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Iraqis split over plan for troop withdrawal

Feb. 27, 2009 - 02:33PM   |   Last Updated: Feb. 27, 2009 - 02:33PM  |  
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BAGHDAD — Iraqis offered varying reactions Friday to President Barack Obama's plan to remove U.S. combat forces by August 2010 — some applauding the withdrawal, but others questioning whether Iraq's security forces were up to the task alone.

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BAGHDAD — Iraqis offered varying reactions Friday to President Barack Obama's plan to remove U.S. combat forces by August 2010 — some applauding the withdrawal, but others questioning whether Iraq's security forces were up to the task alone.

Several Iraqi TV stations broadcast live coverage of Obama's speech at Camp Lejeune, N.C.

"Iraq will regain independence and sovereignty, and the United States will get rid of many military and economic problems," said Raji Abbas, a Shiite from the southern city of Najaf, where U.S. forces battled militias in 2004.

"But, before leaving Iraq, the U.S. Army should do their best to train and equip the Iraqi security forces so they can confront the dangers that are threatening the country," he said.

Obama's plan calls for withdrawing American combat troops by Aug. 31, 2010, leaving up to 50,000 troops to advise, train and provide counterterrorism support.

The pace of withdrawal suggests that the bulk of the current U.S. military presence in Iraq — some 140,000 troops — will remain in Iraq through nationwide elections later this year.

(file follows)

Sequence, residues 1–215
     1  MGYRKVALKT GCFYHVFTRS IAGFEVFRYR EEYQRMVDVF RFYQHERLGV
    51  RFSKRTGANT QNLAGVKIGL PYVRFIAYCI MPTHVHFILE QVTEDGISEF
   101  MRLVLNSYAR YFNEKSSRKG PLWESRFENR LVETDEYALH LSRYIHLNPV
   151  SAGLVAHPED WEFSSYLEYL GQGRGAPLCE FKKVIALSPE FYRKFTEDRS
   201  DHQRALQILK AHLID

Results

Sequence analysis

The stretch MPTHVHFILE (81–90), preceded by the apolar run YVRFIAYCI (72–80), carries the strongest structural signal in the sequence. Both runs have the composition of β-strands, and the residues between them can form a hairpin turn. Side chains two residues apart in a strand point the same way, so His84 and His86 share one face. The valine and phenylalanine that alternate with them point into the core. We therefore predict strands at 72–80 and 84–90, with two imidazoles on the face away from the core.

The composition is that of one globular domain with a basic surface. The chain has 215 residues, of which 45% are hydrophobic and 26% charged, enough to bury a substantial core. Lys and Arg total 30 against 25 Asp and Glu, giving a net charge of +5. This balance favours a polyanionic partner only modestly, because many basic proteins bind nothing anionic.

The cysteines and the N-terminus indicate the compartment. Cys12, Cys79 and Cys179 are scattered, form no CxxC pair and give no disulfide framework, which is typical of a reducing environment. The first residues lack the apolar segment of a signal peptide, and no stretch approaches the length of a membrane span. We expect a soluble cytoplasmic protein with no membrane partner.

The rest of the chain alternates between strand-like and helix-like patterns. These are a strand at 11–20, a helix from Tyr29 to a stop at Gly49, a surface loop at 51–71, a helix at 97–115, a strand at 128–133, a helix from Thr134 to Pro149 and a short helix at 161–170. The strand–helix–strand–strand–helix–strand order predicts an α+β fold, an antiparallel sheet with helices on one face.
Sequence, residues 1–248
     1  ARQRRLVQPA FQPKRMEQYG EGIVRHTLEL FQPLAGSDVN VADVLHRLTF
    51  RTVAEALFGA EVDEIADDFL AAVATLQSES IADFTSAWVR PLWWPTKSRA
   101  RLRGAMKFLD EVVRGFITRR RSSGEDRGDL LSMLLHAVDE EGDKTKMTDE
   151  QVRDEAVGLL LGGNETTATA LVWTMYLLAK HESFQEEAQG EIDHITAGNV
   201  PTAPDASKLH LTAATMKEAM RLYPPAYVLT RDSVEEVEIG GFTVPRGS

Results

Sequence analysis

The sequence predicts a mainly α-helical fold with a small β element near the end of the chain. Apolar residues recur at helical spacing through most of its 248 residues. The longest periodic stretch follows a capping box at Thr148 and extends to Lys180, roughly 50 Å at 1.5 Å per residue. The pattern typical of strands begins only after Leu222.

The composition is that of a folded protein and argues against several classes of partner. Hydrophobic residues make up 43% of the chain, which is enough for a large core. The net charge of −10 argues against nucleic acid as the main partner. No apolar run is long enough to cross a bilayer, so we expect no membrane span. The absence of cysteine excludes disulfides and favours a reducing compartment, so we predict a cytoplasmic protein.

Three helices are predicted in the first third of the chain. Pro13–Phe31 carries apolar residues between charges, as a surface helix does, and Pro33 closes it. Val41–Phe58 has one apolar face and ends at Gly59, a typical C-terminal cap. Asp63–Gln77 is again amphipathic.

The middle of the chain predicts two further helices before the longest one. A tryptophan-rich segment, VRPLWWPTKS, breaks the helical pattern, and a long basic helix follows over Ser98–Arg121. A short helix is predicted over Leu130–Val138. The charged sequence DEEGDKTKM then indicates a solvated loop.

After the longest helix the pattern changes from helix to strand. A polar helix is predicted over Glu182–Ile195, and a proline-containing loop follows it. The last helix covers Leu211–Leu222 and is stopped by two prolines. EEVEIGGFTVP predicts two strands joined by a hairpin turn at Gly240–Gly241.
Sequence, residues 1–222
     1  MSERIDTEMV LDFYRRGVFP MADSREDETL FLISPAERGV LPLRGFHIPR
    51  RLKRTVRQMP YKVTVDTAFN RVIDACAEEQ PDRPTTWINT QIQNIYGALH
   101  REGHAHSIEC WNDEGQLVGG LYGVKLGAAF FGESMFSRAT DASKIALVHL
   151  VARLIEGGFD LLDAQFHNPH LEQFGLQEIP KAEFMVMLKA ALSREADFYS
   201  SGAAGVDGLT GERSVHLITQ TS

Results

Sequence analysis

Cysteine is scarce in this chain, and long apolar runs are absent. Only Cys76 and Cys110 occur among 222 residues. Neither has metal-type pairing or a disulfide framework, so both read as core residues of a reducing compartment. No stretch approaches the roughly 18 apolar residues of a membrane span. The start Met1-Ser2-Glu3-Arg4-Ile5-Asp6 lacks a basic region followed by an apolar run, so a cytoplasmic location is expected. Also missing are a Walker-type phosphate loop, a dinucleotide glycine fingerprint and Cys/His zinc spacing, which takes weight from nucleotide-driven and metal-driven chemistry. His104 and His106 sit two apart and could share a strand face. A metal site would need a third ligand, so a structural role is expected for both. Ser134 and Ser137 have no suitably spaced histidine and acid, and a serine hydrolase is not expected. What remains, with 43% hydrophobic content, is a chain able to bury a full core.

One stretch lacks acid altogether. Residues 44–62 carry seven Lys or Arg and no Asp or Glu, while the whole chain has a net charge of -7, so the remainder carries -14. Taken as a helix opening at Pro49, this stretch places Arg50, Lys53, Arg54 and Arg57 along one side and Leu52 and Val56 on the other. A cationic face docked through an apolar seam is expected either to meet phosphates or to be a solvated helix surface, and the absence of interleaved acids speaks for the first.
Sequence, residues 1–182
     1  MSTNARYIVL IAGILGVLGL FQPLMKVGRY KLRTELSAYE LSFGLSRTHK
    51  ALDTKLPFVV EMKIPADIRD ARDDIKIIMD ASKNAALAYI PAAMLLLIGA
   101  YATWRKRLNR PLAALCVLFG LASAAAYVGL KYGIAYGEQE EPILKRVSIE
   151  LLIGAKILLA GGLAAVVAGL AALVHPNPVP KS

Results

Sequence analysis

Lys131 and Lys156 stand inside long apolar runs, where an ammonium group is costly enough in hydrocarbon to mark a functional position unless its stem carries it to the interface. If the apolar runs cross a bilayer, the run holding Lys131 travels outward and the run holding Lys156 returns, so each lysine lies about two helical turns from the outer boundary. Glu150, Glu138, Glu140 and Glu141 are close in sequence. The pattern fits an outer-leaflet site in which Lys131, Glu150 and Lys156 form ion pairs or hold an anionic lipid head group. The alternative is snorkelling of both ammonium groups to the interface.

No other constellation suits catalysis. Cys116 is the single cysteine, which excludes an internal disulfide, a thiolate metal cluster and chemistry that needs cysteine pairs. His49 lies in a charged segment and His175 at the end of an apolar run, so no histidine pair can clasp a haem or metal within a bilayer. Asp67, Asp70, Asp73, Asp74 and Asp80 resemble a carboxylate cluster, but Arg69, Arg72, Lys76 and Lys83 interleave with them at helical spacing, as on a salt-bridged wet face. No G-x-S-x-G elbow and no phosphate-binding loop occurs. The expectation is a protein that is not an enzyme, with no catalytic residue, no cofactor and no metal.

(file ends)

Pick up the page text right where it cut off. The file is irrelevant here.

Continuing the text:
Iraqi Prime Minister Nouri al-Maliki has said he welcomes the withdrawal and has urged that it be done "orderly and responsibly." Obama called al-Maliki with the details of the plan before delivering his speech, White House officials said.

Sunni lawmaker Mustafa al-Hiti said Obama's plan met "the aspirations of many Iraqis who want to see the occupying troops out of their country."

"We have enough confidence in our security forces, and we think that there is no chance for a new round of violence in Iraq," he said.

In Saddam Hussein's hometown, Tikrit, 40-year-old Sunni government worker Hazim Ali Hamid was stung by Obama's praise of U.S. forces for removing Saddam.

"But, in fact, the U.S. forces achieved one thing — that is, destroying Iraq," he said. "We hope the U.S. soldiers will leave our country sooner rather than later to end one of the bloodiest pages in Iraq's history."

In the self-ruled Kurdish north, Shwan Mahmoud said that if the U.S. wants a "moral and responsible withdrawal, it should solve the ethnic and sectarian disputes in Iraq before pulling out."

Mahmoud, 43, a publisher in Sulaimaniyah, said he believes the country will descend into a civil war if the ethnic and sectarian issues are not solved before American forces leave.

In Baghdad, an influential Shiite cleric said the plan does not go far enough and demanded the reduction of American Embassy staff as well.

During a sermon Friday, Sheik Saleh al-Haidari said there was no longer a need for such a large American diplomatic presence. The U.S. Embassy sits on a 104-acre site in the heavily fortified Green Zone. It has more than 1,000 employees.

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